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To Overcome Procrastination

LCS 6th graders have a new elective offered this year called Study Skills.  In this 9-week course students focus on understanding and applying what current brain research says about how our brains learn and remember information.  It is a class filled with practical applications for everyday life.  I asked the first class of students what has been the most helpful strategy or skill that they have learned over the last 9 weeks, and they recommended a strategy for overcoming procrastination called the Pomodoro Technique.  This is a simple, yet effective, strategy that the students have used to complete homework, chores, and other tasks that they routinely push aside for “later.”

So, what is the Pomodoro Technique?

The Pomodoro Technique was created in the 1980s by a university student named Francesco Cirillo.  Cirillo was looking for a way to end his own procrastination and build more focused study habits.  The basic steps are as follows:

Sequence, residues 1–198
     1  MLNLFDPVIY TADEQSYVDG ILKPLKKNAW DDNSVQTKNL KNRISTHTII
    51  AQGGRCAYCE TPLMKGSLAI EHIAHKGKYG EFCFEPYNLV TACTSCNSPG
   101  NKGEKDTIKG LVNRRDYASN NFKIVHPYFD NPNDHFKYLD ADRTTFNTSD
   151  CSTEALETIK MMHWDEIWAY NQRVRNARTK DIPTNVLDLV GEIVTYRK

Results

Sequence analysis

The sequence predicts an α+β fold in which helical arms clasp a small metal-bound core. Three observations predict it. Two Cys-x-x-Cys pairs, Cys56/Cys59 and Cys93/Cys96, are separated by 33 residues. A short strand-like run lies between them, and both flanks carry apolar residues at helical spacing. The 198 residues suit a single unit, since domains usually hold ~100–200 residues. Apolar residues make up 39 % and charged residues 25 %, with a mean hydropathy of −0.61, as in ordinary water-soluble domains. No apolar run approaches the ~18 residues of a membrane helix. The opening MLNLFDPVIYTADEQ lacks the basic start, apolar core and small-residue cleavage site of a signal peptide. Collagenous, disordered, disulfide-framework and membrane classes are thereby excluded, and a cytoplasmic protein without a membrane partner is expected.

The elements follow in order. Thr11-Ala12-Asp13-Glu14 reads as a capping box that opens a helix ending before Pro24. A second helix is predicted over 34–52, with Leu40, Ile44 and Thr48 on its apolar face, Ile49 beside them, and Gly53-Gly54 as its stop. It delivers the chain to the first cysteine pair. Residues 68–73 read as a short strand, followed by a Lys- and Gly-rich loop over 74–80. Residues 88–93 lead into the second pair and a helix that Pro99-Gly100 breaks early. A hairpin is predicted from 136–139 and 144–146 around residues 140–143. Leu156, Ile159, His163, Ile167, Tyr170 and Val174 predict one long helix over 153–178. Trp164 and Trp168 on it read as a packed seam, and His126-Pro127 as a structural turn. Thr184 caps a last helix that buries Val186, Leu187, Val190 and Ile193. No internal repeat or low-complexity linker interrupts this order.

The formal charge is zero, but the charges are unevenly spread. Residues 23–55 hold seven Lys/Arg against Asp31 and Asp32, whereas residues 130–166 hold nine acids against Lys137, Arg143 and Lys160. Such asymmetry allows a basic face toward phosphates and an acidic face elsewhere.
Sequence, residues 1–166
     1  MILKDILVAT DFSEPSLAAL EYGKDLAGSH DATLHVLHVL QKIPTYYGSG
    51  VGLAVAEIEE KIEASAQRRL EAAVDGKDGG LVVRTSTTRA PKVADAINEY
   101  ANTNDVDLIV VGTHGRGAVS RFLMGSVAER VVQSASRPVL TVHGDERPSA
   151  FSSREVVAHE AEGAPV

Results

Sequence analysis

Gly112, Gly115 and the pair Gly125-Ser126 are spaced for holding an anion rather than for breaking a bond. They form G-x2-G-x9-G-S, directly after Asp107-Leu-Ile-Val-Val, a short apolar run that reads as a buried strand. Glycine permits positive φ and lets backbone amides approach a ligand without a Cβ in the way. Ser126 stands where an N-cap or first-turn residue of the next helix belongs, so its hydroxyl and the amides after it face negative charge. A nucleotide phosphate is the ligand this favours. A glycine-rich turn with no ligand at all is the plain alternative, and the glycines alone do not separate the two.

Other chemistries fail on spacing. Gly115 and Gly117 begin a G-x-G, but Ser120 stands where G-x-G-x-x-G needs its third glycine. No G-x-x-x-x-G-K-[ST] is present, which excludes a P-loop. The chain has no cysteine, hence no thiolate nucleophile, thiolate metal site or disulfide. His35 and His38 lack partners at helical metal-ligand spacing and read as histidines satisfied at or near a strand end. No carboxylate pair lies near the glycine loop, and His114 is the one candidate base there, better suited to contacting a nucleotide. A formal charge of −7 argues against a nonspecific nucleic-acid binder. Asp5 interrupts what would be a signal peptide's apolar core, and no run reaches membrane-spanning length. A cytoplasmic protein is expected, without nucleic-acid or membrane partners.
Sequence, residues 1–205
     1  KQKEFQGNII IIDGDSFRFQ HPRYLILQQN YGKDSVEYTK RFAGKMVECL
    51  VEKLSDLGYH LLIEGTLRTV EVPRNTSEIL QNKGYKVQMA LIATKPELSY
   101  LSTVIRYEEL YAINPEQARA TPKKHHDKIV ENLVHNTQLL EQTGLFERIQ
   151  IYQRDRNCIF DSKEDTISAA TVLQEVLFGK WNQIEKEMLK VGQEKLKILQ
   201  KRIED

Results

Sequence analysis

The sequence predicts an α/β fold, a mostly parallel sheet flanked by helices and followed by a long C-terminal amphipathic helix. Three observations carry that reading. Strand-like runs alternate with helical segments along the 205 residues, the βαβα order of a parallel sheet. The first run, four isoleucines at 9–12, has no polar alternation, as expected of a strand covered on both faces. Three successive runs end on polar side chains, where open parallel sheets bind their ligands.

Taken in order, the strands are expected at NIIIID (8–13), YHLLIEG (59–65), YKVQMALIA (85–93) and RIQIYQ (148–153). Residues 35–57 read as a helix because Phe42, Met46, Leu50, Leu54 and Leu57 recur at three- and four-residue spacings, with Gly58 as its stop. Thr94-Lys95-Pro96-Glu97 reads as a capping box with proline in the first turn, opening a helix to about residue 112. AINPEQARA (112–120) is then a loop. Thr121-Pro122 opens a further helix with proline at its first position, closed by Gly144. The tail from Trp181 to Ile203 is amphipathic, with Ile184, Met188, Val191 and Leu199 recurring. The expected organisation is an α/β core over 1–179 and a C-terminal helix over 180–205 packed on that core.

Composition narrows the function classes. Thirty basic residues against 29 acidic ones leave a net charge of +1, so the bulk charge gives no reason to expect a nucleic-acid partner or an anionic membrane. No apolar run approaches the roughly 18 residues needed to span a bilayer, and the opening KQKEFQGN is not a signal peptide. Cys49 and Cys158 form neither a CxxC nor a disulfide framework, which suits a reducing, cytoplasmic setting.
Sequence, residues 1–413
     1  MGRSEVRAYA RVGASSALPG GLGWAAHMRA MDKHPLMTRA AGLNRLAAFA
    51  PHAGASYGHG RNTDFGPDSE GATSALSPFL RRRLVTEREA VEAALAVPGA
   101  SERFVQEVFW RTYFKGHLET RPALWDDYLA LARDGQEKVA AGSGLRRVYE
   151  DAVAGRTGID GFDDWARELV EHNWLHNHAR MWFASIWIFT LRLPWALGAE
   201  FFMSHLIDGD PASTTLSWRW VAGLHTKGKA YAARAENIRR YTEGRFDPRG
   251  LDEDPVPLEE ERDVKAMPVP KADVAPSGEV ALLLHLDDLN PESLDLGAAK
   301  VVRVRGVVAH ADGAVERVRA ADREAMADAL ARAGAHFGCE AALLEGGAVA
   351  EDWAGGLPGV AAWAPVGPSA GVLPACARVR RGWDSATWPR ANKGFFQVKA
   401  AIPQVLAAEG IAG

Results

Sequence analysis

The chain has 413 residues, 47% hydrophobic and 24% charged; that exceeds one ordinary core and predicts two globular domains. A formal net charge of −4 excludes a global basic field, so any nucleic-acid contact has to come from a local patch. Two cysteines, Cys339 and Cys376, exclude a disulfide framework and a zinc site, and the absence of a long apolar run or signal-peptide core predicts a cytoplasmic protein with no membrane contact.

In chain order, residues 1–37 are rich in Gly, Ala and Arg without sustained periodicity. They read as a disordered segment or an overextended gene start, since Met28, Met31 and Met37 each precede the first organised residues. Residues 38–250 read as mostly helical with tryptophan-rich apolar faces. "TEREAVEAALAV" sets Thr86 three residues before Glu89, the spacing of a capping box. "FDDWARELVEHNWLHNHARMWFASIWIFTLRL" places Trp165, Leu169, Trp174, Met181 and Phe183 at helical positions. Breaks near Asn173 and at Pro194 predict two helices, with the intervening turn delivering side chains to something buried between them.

1.  Choose a task to complete.  Most of the 6th graders in my class are using this technique for their math homework or reading assignments.

2.  Set a timer and commit to no interruptions during that time.  Cirillo uses 25 minute timers, but for middle schoolers 10-15 minutes is a good start.  No interruptions means no talking, texting, tv, etc.

3.  Work until the timer ends. No stopping.  If you get stuck, move on to another part of the same assignment or task. If you finish before the timer, go on to a different assignment or task.

4.  Reward yourself with a short break.  The best rewards last no longer than 5 minutes and are active…a short walk, playing with a pet, eating a healthy snack, dancing to a favorite song, and so on.  

5.  Repeat until the task is complete.  Often, 1-2 Pomodoros will be all it takes to finish a homework assignment because you have been completely focused on the task!

Fun fact:  Pomodoro is the Italian word for tomato.  Cirillo named the technique after the tomato-shaped kitchen timer he used to build his own study habits.

For more ideas on this and other brain-based study skills for middle school students, I recommend the book Learning How to Learn by Dr. Barbara Oakley and Dr. Terrence Sejnowski.  It is written for teens but is a well-researched resource that is also beneficial for parents and teachers looking to help students grow in their study habits.

Anyone can use the Pomodoro Technique to overcome procrastination.  I even used it to write this post!